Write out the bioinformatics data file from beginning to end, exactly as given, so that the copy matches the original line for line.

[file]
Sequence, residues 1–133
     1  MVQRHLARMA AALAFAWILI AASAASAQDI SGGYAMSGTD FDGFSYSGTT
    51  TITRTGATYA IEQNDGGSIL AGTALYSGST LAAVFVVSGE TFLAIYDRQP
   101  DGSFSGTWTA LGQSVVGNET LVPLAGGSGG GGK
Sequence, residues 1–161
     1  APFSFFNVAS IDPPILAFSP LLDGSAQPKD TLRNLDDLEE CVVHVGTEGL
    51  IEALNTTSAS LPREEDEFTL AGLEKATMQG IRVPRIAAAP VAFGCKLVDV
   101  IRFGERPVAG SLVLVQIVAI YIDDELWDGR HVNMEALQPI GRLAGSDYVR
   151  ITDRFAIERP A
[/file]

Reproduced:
Sequence, residues 1–133
     1  MVQRHLARMA AALAFAWILI AASAASAQDI SGGYAMSGTD FDGFSYSGTT
    51  TITRTGATYA IEQNDGGSIL AGTALYSGST LAAVFVVSGE TFLAIYDRQP
   101  DGSFSGTWTA LGQSVVGNET LVPLAGGSGG GGK
Sequence, residues 1–161
     1  APFSFFNVAS IDPPILAFSP LLDGSAQPKD TLRNLDDLEE CVVHVGTEGL
    51  IEALNTTSAS LPREEDEFTL AGLEKATMQG IRVPRIAAAP VAFGCKLVDV
   101  IRFGERPVAG SLVLVQIVAI YIDDELWDGR HVNMEALQPI GRLAGSDYVR
   151  ITDRFAIERP A